It’s likely that the U.S. Commerce Department will soon issue its findings from the Section 232 steel investigation. Whenever the report is shared with President Donald TrumpDonald TrumpTexas announces election audit in four counties after Trump demand Schumer sets Monday showdown on debt ceiling-government funding bill Pennsylvania AG sues to block GOP subpoenas in election probe MORE, it will be interesting to see how iron and steel imports from Russia — the focus of another investigation you may have heard a thing or two about — are treated.
A lot of Russian steel and steelmaking raw materials come here — more than 2 million metric tons last year. That ranked the country as the seventh-biggest exporter of steel to the U.S. — ahead of China.
Consider: Pig iron is a raw material to make steel. In its solid form, it can be re-melted in electric arc furnaces, much like steel scrap. Hardly any merchant pig iron is now made by domestic steel producers. The pig iron that can be made here — in blast furnaces — is generally all consumed by American steelmakers. Effectively, they have none to sell to others.
So, given mini-mill electric furnace needs in particular, there is U.S. demand for pig iron from offshore. Guess where most of it comes from? Russia.
In fact, Russia commanded a whopping 59-percent market share into the U.S. in April, exporting 288,081 metric tons (mt) of pig iron shipments to the U.S., well ahead of Brazil (108,556 mt) and Ukraine (71,321 mt).
Overall, pig iron imports reached an eight-month high in April, as Russia continued to dominate the market. Total U.S. pig iron imports were 489,587 mt in April, according to U.S. Department of Commerce and U.S. International Trade Commission data.
What’s more, since May of last year, Russia has exported an average of about 210,000 mt/month of other steel products to the U.S., for a total of about 2.5 million mt, according to The Steel Import Monitoring and Analysis (SIMA) System. SIMA, in fact, is an enforcement and compliance tool — also under the Department of Commerce.
U.S. imports of Russian steel peaked in 2014 at nearly 4.3 million mt. That annual surge led to an extension of existing antidumping duties — already in place as a result of trade cases won by domestic steelmakers — on some finished steel, ranging from 74 percent to 185 percent in the case of hot-rolled coil.
But most of Russia’s steel products shipped to the U.S. are semi-finished steel — blooms, billets and slabs. These intermediate products represent the next process stage beyond pig iron, and they serve as feedstock for subsequent rolling into finished products by steel manufacturers here in the U.S.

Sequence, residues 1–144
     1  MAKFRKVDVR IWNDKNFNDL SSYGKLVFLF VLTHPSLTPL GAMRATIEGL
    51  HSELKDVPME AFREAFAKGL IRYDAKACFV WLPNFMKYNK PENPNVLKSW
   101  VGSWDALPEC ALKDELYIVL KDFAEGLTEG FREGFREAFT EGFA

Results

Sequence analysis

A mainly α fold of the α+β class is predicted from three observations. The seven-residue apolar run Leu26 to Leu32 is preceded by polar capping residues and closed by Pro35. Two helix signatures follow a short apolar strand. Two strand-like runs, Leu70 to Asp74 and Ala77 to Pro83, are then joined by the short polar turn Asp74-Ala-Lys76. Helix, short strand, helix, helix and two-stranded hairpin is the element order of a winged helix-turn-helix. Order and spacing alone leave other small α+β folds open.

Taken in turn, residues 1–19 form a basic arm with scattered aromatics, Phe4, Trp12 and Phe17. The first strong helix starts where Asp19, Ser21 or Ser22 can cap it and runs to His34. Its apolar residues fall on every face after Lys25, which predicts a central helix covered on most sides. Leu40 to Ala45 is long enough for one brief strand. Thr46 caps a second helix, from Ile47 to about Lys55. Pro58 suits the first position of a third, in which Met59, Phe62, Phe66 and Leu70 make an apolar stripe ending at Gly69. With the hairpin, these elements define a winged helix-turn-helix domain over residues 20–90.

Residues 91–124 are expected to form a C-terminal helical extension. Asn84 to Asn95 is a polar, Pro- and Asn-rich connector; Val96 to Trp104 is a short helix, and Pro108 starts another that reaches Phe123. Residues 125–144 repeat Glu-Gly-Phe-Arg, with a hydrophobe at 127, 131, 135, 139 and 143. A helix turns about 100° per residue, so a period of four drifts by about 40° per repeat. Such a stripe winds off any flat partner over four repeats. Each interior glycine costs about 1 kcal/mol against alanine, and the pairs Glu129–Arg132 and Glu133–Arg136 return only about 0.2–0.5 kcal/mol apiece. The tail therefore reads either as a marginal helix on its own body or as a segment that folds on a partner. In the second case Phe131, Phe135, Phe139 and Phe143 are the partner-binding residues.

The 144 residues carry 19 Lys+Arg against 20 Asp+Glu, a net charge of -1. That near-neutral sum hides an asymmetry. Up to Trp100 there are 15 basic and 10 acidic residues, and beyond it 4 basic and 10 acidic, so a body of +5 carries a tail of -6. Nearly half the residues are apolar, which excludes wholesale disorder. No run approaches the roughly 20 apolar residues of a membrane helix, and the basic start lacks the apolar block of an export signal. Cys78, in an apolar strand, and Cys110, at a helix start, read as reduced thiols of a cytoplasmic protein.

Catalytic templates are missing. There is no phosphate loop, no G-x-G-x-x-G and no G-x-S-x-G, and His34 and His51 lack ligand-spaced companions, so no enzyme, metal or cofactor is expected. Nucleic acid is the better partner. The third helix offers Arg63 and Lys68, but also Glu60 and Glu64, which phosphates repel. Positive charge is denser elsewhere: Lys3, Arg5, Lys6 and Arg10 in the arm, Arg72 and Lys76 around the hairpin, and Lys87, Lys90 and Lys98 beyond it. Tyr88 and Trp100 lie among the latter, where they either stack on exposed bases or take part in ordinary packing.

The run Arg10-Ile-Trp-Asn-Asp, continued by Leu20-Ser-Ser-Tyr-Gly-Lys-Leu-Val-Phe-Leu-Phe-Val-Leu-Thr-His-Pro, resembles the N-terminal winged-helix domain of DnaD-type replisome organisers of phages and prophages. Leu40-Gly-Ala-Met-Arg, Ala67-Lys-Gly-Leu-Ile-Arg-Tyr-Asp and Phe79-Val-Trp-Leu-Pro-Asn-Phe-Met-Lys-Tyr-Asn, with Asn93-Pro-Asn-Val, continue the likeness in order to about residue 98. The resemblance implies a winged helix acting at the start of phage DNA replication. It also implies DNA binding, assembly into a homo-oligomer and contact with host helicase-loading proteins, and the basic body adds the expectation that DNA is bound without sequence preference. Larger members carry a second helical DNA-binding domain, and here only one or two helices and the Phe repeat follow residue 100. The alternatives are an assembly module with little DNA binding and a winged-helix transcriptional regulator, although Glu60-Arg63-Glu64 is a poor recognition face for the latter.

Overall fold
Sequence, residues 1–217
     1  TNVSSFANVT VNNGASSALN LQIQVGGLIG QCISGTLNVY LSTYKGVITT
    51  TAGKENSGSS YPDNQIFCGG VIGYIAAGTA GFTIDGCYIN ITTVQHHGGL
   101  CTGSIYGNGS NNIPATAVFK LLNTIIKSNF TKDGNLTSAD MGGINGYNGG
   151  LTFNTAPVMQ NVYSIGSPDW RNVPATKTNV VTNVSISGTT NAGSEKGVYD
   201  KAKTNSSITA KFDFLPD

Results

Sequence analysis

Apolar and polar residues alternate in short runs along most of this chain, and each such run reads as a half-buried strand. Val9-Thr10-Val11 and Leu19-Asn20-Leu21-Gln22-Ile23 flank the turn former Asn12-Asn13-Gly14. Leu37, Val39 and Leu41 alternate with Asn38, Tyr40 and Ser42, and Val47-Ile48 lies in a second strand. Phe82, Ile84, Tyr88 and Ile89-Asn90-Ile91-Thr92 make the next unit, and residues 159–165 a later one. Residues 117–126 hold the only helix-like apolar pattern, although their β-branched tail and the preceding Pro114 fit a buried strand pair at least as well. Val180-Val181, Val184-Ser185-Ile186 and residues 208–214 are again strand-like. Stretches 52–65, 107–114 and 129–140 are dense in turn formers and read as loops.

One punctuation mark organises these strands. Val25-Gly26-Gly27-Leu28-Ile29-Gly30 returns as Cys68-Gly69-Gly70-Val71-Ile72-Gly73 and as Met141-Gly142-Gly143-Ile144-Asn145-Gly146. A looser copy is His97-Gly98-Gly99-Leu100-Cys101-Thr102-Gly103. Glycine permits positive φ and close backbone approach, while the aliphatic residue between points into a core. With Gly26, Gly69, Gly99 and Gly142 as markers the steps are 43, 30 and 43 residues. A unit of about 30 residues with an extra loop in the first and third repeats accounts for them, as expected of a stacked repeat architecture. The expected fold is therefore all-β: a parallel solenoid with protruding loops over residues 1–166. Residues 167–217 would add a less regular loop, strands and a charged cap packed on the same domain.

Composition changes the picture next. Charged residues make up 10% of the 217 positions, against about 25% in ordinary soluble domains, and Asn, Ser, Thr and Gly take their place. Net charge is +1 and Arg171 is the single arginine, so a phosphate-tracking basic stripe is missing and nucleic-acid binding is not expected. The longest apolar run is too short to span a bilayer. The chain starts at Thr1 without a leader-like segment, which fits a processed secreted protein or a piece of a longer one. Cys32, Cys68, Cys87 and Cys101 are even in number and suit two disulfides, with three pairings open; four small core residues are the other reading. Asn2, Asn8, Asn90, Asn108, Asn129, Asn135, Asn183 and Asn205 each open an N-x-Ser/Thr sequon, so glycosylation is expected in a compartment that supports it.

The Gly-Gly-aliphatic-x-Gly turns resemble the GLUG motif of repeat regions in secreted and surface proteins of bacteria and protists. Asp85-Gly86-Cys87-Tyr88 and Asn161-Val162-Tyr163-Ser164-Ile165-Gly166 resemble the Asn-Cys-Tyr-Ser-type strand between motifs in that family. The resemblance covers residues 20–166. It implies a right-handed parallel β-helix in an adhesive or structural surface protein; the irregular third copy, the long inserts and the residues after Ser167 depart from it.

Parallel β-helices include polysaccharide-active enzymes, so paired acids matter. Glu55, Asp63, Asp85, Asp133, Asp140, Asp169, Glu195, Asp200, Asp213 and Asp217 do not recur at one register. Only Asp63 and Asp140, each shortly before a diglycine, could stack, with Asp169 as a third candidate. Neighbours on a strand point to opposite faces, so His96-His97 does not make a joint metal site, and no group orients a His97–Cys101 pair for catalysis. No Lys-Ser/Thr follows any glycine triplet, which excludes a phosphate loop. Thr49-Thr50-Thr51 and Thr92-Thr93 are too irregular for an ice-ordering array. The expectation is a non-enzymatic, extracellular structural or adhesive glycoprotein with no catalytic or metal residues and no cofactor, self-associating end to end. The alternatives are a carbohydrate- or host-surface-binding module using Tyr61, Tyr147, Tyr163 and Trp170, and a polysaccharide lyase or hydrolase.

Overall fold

Imports of Russian steel mill products have spiked in recent months: 381,032 mt in April; 264,055 mt in March and 187,656 mt in February. May was on track to exceed 400,000 mt.
Commerce’s Section 232 steel investigation findings will indicate whether or not steel imports are a detriment to national security. If so, it can recommend a variety of actions — tariffs, quotas, etc. — which the president can then impose, or not.
But all signals from Trump indicate the hammer is about to drop on unfairly-traded foreign steel — and soon. The president said as much as recently as Monday.
What we don’t know is how sweeping — or selective — any clampdown might be. Some steel products not made here or not critical to national security could well be excluded. Likewise, some countries — like China — might be prime targets, while others are spared.
Add to the mix that on Monday, a group of U.S. line-pipe producers issued a statement saying Russian-owned EVRAZ North America, which produces pipe in Canada “has taken a massive line pipe sale away from the U.S. industry and is aggressively seeking to capture other large sales, even as the administration prepares to issue Section 232 recommendations on whether steel and steel product imports are a threat to national security.” They urged that Canadian pipe imports be covered by any Section 232 actions.
If the administration does take a hard line on Russian steel imports — in particular on grounds of national security — that could help refute somewhat the broader narrative that the president is a bit too cozy with Russia, or that he’s seemingly aloof about Russian cyberattacks.
But what if Russia and some of its steel product exports to the U.S. are spared? That would present a significant optics problem for the Trump administration. In the glare of the Russian hacking investigation, that could lead to even greater scrutiny.
Note: All steel import data can be found here courtesy of Census.gov.
Joe Innace is the content director of Metals/Americas for S&P Global Platts. He's also an award-winning business writer, recognized as Steel Journalist of 2015 by the World Steel Association.
The views expressed by contributors are their own and not the views of The Hill.